Not sure how many "high level executives" do serious computing work, since they have employees doing that for them, but today I can build a desktop box that will eat a laptop's lunch for half the price.

Today, yes. Tomorrow, not so much.

I cannot predict the future. Technology is frequently surprising, but right now keyboards are better for typing, mice are more exact than fingers, ten-key, digitizers, these input devices were developed and refined for good reasons.
"They" were predicting the paperless office back in the 1980s and instead of becoming paperless, the computer printer turned us all into mini print shops. I'm not saying it can't happen, but I'm not holding my breath. I also wonder when people will begin to realize that carrying around their main computer (easy to drop, easily stolen) might not be such a hot idea.
 
2013-01-14 12:06:44 AM  

from my blood: KellyX: If MS was smart, they're release an official free program that converts the OS to be exactly how Win7 was

Some companies have done exactly that. Probably friends...


I just mean it should be default with the software, officially made by MS and an default option turned on with the ability to go metro if ppl REALLY want to fark with it
 
2013-01-14 12:08:05 AM  

Marine1:
You don't have to use Metro if you don't want to. I mean, really. I'm not just saying that.



What happens if you run metro native apps?
 
2013-01-14 12:41:21 AM  

Telos: Yes, and look at the desk of any high level executive. What do you see? A laptop with a docking station. Tablets aren't far off from doing the same thing, and being just as capable as a laptop.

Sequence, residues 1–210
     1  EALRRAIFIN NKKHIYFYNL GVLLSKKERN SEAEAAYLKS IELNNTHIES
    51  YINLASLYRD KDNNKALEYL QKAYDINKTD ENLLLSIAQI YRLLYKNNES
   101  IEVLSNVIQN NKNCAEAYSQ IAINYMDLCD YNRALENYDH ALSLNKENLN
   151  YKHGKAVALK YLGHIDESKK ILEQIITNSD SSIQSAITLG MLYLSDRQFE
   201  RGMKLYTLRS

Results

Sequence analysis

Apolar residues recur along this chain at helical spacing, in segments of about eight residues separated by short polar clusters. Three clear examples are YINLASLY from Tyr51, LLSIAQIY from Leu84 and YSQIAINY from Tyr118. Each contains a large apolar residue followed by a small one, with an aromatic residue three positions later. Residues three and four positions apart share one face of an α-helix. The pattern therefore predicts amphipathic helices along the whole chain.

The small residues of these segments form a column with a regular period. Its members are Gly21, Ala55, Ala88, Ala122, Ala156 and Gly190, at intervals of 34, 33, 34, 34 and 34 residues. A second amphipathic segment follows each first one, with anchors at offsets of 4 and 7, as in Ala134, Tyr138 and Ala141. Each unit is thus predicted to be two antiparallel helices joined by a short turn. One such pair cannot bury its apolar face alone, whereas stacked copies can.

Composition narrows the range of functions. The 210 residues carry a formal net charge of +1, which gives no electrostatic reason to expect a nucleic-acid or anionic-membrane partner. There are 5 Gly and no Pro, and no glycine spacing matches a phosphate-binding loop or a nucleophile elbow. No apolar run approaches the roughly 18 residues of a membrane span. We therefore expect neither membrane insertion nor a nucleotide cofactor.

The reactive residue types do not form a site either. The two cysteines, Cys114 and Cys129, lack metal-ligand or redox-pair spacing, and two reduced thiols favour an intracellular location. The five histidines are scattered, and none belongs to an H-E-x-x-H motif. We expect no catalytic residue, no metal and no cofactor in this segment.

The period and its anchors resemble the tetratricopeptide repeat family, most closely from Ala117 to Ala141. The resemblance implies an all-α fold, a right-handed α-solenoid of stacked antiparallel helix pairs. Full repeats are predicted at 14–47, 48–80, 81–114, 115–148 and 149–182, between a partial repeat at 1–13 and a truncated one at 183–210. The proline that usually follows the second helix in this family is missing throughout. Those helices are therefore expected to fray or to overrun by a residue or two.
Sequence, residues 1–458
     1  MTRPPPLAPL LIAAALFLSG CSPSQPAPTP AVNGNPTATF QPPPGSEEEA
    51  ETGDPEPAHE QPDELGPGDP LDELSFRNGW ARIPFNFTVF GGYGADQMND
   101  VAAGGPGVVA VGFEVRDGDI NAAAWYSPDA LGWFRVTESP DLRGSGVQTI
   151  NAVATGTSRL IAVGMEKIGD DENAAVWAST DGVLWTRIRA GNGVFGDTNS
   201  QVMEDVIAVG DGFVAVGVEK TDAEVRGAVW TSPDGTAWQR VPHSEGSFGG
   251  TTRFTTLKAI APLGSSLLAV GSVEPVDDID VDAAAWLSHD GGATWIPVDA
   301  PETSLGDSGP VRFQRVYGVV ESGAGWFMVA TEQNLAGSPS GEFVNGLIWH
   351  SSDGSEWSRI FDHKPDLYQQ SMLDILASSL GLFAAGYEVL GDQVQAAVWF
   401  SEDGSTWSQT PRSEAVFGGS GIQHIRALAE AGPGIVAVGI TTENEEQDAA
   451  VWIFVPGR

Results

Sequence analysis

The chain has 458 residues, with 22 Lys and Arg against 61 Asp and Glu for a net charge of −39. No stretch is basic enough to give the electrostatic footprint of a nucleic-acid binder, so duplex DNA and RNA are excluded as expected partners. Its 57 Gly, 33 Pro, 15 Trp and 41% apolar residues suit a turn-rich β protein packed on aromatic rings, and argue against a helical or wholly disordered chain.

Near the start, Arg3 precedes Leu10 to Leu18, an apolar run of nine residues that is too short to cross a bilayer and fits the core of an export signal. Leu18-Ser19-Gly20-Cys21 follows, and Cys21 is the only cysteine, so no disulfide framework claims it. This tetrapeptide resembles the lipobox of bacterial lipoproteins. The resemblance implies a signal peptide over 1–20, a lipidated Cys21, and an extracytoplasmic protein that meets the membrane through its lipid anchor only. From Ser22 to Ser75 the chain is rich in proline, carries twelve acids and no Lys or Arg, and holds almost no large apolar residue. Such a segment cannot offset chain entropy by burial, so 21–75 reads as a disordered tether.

Docking station with external keyboard and mouse plus dual monitors.

Can your tablet do that?
 
2013-01-14 12:45:13 AM  
Windows 8 is the latest of a long line of blunders by Microsoft that have confused the public. I know, because I deal with the public every day at my computer business, and did working in the industry before striking out on my own. Launching an OS called Windows 2000 and another called Windows Millennium at about the same time confused people. They used the names interchangeably, and had no idea which one they really meant. Then, they launched Windows XP and Office XP at the same time, adding to the mistaken impression the public had, and still has, that Word and Excel are included in Windows, not sold separately in a product called Office.

With Vista, removing unwanted software became a pain as add/remove programs, at the top of the list because it began with "A" was buried in the middle of a list when it became programs and features. Settings being renamed personalize was equally stupid. Even shutting down was a pain, as the power button on the start menu only puts it in standby, rather than shutting off as simple common sense would clearly dictate.

Now, nothing about how a use a PC means a damn thing any more. With Windows 8, everything has changed for no reason, and even seasoned vets need to go get a For Dummies book. It is counterintuitive and clumsy. Even if you leave metro and go to the "classic desktop", they broke it by taking away pull-down menus and forcing the ribbon on us!

Microsoft operates in an ivy tower, and has no idea how the public uses computers. That is why they can't do anything right. If we had better alternatives than Mac, an obscenely expensive boutique product, and Linux, 1000 different versions by a million undirected tinkerers, Microsoft would have gone belly up a long time ago.
 
2013-01-14 01:05:50 AM  
I don't care how much you White Knight Windows 8, LasersHurt ... Clippy isn't gonna sleep with you.

/We get it ... everyone else is old and you're not
//Everyone's wrong and you're not
 
2013-01-14 01:18:33 AM  
My computer executes programs, it doesn't play apps. I download free software from the internet, I don't need an app store built into the OS trying to sell me garbage, that's just not okay.